COVID-19, Seasonal Affective Disorder, and You

COVID-19, Seasonal Affective Disorder, and You

Do you seem sad during the winter months? Do you sleep longer, or are you visited by lonely thoughts more often? Keeping your head above water during the winter months can be a struggle, especially for those who are impacted by seasonal affective disorder (and especially during a global pandemic), but there are ways to surmount it and live a fulfilled life.

 

 

 

 

Photo by Pixabay from Pexels

What is SAD?

Seasonal affective disorder (also known as SAD) is a type of depression that is generally associated with the passing of the seasons, and most particularly the winter months. Reduced light, less access to vitamin D, fewer opportunities to get outside and enjoy fresh air — these are all potential reasons that it just feels more gloomy for some folks during this time of year.

There is science behind that gloom. Medical researchers hypothesize that this disorder has to do with decreased amounts of serotonin (a brain chemical that affects your mood) and higher amounts of melatonin (which regulates sleep). Around 1 to 2 percent of people have been diagnosed with SAD, whereas 10 to 20 percent of people experience a milder form of the “winter blues.” This year, amid the global pandemic, more people may become susceptible to SAD, as there was plenty to be stressed about before the cold set in. Now that all of these stressors are coming together, it might serve you a particularly negative cocktail of brain chemicals.

How to tell if you (or a friend) is suffering from SAD

There are a few ways to tell if you or your close friends are suffering from the changing of the seasons. An increased level of anxiety, mood shifts, generally gloomy feeling, and sleeping more are all signs of depression — but SAD occurs like clockwork around the colder, darker months. Pay attention to your thoughts, your feelings, and those of the people around you.

What can you do?

Fighting back against seasonal depression can be a daunting task, but it’s possible when you focus on yourself and observe some self-care practices you may have been neglecting. For instance, get some sunlight. One of the proven symptoms of SAD is the lack of serotonin in your brain, and the sun helps you build that particular chemical, as well as vitamin D levels, and can help you stave off depression. Open your blinds and let the winter sun into your room. Or, turn to technology and invest in a lightbox specifically designed to treat the symptoms of SAD.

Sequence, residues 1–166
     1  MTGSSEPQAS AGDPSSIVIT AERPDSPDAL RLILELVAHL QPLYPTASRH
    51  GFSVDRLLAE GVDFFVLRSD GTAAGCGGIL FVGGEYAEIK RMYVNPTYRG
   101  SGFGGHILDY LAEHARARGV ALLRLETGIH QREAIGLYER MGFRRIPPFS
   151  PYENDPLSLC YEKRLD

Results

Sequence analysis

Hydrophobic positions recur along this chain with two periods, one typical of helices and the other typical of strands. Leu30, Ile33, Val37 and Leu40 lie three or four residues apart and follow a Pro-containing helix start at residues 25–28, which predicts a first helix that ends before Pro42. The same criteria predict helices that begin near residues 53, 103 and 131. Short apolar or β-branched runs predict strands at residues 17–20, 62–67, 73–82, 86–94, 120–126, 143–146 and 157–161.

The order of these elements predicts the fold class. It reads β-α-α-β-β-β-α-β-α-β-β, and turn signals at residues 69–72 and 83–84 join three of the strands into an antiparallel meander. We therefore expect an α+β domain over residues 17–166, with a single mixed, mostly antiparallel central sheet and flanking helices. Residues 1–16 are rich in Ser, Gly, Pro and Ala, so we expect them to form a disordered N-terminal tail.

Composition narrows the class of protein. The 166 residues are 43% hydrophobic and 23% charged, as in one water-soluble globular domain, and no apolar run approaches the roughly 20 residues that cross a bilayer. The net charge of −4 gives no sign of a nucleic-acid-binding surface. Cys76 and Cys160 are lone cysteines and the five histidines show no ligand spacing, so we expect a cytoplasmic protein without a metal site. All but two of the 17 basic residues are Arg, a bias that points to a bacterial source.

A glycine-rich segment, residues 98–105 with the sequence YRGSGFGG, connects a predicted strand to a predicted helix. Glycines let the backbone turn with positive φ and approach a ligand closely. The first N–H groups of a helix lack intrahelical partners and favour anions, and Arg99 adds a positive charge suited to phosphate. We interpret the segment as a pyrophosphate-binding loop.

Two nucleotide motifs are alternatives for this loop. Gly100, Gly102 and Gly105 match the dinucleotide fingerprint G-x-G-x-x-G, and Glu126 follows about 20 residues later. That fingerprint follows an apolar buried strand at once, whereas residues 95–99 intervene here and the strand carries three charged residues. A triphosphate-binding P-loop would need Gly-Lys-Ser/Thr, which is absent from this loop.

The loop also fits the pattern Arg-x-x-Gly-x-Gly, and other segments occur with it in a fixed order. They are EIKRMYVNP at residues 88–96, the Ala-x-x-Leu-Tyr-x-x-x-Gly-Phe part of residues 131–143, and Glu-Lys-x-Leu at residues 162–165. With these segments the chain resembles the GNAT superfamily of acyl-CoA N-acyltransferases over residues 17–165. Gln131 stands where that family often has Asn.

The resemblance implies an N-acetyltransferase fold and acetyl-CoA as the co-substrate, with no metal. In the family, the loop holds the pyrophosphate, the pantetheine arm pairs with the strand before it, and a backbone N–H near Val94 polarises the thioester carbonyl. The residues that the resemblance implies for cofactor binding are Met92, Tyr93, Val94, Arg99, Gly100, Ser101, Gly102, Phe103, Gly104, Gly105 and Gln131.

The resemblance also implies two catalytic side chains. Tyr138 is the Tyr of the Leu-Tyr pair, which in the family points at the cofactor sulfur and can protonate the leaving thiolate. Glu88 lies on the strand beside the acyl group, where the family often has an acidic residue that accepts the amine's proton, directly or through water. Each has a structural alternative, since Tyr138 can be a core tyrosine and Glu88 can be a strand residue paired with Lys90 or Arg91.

Another way you can stave off feelings of anxiety is by cleaning your home. Yes, cleaning. When family members are being negative or critical, or when you are experiencing unwanted tension, decluttering a messy space and cleaning can inject positivity into your home.

Hypnosis like the kind used by mindset coach Don L. Price can also be a powerful tool to help you re-focus on yourself and your own needs. It has been shown to improve self-confidence, relaxation, and motivation and can be helpful in controlling anxiety. Hypnotherapy, as a result, along with mindset coaching, can be an important way to fight seasonal depression and regain control of your emotions. Mindset coaching in particular can help you get into the right headspace to expel self-doubt and negative feelings.

Feeling SAD? Take steps in the right direction

Are you ready to take control of your anxiety, stave off seasonal affective disorder, and feel calmer in your everyday life? Hypnotherapy may be the right course of action for you. Contact celebrated hypnotherapist and mental health coach Don L. Price for more information today!

Kimberly Hayes

http://publichealthalert.info/

information@publichealthalert.info

Leave a Reply

Your email address will not be published. Required fields are marked *

Call Now Button